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Five Quick Lessons From The 2016 US Election Results - What A Donald Trump Win Tells Us

09/11/2016 13:28

Donald Trump has just been announced as the 45th President of the United States of America winning 278 electoral votes to Hillary Clinton's 218 electoral votes (4 more states to go).

People ask why Nigerians are so interested in the outcome of the American elections. The truth is apart from the thousands of Nigerians that live and school in America, America still remains a key travel destination for a lot of Nigerians, and the new president will have a lot to say about immigration.

America also holds a strategic place in world business and trade whether it's in crude oil or fashion.

The signs were there pretty early and as I watched CNN in the early hours of this morning, I wondered about the reaction of people when all the results finally came in.

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Donald Trump and the Republican Party took the key states of Florida, North Carolina and Ohio early in the elections leading to early panic in the Clinton camp as Hillary was expected to win in Florida.

Barack Obama won 334 electoral votes in 2008(the first real year I took interest in the American elections) winning a very strategic election, posting victory in states that were ordinarily out of democratic reach and showing that topics like racism, participation of African Americans, etc; which were heavily talked about before the elections did not affect final results as much as was expected.

As Americans claim to be in shock and CNN shows us pictures of sad white, black, Hispanic Americans, I couldn't help but think about some lessons we can learn from this;

1. Internet And Polling Sentiment Is Not Yet Strong Enough To Be Truly Representative Of Everyone: Fundamentally polls are flawed and the crowds do not speak with the loudest voices. It's easy to overthink how popular you are.

"77% of the electorate are women, people of color, young adults under 35 and Trump can't win a majority of any of them!" - or logic - "people aren't going to vote for a guy like Trump or against their own best interests!".

Facebook likes, Mannequin challenges, retweets, twitter polls and Instagram sentiments may work in business but don't win you elections, actual voting does. They are fun to watch and laugh at but you can't force a closet anarchist to change his vote.

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2. People's True Intentions Are Difficult to Change. The American elections seem to have been decided by people's true intentions and their fears of changing a 240-year male dominance.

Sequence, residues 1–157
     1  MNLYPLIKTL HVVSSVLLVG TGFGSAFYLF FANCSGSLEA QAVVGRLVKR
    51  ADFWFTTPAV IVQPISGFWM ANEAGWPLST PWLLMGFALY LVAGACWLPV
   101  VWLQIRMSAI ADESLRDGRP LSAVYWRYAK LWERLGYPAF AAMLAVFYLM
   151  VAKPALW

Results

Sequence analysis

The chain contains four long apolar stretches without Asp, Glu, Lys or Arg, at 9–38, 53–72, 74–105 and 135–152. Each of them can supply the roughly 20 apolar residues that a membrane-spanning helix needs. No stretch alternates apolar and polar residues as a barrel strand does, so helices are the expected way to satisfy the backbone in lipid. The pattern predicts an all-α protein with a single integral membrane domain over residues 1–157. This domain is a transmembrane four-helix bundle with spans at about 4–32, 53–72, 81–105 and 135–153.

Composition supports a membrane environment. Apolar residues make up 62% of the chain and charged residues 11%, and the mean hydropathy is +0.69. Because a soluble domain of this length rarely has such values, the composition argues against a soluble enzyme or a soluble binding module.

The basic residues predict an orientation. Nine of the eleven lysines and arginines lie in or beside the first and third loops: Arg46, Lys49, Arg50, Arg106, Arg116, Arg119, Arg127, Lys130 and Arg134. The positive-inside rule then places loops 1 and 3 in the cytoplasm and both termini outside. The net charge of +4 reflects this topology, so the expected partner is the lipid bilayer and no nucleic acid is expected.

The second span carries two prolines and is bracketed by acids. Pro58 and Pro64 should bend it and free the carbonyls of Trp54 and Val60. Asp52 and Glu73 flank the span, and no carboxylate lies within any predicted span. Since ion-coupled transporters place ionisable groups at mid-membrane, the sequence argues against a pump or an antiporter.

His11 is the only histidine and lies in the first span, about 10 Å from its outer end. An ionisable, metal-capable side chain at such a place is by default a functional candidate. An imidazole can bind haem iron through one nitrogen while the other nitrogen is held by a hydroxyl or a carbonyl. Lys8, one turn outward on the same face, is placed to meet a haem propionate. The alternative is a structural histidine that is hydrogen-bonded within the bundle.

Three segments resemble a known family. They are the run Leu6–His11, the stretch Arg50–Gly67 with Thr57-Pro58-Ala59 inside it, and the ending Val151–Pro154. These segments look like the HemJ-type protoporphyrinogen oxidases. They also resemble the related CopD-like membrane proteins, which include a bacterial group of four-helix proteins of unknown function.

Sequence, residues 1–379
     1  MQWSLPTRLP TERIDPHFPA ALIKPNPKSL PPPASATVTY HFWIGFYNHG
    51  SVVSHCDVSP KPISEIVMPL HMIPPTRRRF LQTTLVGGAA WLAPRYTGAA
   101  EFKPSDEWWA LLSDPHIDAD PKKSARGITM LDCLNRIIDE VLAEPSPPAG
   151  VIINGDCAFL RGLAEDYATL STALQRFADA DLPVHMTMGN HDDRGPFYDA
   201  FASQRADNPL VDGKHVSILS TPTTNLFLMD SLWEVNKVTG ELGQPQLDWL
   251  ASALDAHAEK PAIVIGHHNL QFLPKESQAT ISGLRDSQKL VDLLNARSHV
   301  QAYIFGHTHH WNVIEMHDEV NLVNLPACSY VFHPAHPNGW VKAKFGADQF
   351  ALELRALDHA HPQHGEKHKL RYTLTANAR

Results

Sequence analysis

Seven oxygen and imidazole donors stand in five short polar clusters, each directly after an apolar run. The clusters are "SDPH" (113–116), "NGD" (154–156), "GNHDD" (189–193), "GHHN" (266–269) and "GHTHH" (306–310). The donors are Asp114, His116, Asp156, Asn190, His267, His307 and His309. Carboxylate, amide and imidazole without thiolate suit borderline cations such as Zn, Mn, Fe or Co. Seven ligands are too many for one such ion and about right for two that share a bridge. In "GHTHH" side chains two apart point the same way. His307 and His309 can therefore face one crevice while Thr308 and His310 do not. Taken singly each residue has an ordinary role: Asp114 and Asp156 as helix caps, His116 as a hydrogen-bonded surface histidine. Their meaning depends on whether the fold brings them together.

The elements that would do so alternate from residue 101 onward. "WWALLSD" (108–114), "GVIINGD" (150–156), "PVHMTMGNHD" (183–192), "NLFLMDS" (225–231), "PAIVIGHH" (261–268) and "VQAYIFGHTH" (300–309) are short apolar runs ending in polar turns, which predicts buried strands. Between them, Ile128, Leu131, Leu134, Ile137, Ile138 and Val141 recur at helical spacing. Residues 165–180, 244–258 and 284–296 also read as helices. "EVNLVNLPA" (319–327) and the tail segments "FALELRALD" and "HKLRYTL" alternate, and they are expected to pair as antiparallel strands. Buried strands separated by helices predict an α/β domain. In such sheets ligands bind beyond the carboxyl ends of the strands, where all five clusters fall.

3. Certain Sentiments Are Easier Talked About Than Actually Changed: In 2008, the first Black president became President of the United States and suddenly everyone began to talk about a maturity of the American society. On his way to winning, Obama defeated Hillary with his message of "the past versus the future" to pick up the democratic nomination, something a lot of people doubted would happen pointing to what the stronger sentiment was for them. A black Male president or a Female white president, they eventually chose the Male black president vs the female white president. In 2016, the sentiment still remains the same and the struggle to paint Trump as unserious hasn't been able to erase the main sentiment.

4. In America, "Sins" Are Different: Throughout the election seasons, people's perception of Hillary as untrustworthy and dishonest continued to rise to the top. Every time she made statements on her views about gay marriage, women in leadership, the wars in Iraq and her involvement in Syria, there was always the question of whether she was being sincere or just saying what was needed to win the elections. Trump was portrayed as many things, from tax evader to minorities hater to certain sexual accusations, but ultimately Hillary's sins have been judged to be bigger. Even among the democrats, people are less excited to vote for Hillary than they were to vote for Barack Obama.

5. Democracy Is The True Winner In All This: As twisted as it may seem, a Trump victory is actually a victory for democracy. People can truly decide to rise above the expectations of their friends, society, other countries, etc.' and vote with their hearts for who they want, not caring how the media has painted him. Whether they chose fear over progress or not, you can't take away that the results show Democracy as the true winner.

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